Public Papers and Letters of Oliver Max Gardner: Governor of North Carolina, 1929-1933

By Edwin Gill; David Leroy Corbitt | Go to book overview
of revenue against state expenditures based upon various levels of expenditure.I realize that the responsibility for decision rests solely upon me and with this knowledge before me, I have on my independent judgment arrived at the following decision as to policy:As director of the budget:
1. Not to undertake the questionable policy of withholding a percentage of school teachers' and administrators' salaries.
2. Not to make for the present any further cut in the salaries and wages of the officials and employees of state departments and, institutions.
3. For the first two quarters of the present fiscal year to make allotments to the various departments and institutions on the basis of the present existing salary and wage scales, and as to expenditures for purposes other than salaries on the basis of strict and rigid economy, as during the past fiscal year--which is seventy per cent of legislative appropriations.
4. If conditions make it necessary to call the General Assembly into extraordinary session in November to balance the budget for the remainder of this fiscal year.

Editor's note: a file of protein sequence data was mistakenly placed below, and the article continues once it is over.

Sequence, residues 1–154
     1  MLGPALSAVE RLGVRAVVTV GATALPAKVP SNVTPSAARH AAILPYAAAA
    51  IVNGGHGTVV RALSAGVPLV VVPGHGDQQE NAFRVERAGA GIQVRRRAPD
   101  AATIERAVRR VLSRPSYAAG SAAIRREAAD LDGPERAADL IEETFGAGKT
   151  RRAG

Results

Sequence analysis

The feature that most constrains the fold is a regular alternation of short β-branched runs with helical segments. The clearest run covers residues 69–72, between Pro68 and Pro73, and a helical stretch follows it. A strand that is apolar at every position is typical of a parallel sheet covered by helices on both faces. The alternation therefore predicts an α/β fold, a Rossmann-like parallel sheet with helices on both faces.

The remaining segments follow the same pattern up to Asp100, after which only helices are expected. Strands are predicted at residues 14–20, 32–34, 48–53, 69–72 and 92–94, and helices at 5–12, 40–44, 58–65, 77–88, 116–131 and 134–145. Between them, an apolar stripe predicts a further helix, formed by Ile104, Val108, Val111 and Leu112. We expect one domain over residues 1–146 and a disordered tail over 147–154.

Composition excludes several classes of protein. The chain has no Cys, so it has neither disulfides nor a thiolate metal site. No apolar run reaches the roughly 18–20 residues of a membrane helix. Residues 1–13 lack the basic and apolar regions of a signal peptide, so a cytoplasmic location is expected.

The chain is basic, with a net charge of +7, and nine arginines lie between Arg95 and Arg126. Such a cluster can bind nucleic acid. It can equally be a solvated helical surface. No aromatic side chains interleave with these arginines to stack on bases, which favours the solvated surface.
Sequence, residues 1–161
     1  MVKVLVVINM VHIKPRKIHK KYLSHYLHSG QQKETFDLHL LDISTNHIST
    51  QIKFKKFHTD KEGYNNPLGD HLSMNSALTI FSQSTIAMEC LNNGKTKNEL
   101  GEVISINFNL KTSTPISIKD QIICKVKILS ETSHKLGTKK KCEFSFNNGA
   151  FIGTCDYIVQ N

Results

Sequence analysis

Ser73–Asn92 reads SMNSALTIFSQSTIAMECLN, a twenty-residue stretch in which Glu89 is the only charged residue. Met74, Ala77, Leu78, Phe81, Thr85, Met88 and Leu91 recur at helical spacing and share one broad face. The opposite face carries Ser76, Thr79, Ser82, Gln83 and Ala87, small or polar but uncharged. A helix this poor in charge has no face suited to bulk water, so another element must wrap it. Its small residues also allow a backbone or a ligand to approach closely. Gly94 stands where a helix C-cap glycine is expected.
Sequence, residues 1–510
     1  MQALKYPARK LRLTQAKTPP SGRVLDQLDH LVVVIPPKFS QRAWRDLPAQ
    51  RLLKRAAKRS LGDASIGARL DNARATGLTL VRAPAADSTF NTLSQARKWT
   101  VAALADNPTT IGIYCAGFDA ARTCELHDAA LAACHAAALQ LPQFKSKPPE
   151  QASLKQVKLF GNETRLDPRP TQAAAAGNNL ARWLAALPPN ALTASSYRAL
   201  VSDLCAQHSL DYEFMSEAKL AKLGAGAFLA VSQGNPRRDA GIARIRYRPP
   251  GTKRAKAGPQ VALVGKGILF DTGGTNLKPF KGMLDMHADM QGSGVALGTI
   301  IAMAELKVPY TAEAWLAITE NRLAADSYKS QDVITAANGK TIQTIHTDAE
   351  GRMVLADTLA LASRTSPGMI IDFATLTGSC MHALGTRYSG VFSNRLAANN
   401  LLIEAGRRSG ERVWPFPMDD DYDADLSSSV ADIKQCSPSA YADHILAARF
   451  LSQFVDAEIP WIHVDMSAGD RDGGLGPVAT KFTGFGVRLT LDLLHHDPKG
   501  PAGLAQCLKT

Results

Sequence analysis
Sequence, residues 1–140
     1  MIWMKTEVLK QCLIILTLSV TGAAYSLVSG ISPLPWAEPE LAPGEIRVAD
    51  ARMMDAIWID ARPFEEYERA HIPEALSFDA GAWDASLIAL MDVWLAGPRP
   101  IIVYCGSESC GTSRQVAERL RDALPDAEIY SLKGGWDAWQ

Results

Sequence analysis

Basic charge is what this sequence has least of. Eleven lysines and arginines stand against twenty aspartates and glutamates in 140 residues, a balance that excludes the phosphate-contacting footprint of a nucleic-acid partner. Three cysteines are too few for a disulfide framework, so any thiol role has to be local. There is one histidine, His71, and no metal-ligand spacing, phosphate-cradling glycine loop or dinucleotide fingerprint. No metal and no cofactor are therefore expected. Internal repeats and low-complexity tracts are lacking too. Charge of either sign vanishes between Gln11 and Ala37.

The reasons which impel me to this course of action are as follows: during the period since July 1, 1929, I have, as director of the budget, cut legislative appropriations each successive year in the following amounts: $1,450,000, $2,100,000 and $2,700,000, or a total of $6,250,000. In addition to the above executive cuts, it is recalled that I recommended to the 1931 General Assembly a flat ten per cent reduction in the salaries of all state officials and employees not protected by the Constitution or statute, and that this recommendation was accepted and resulted in an additional saving of $2,500,000 annually in the cost of salaries and wages. In other words, during the three years of this administration there has been a total saving to the taxpayers

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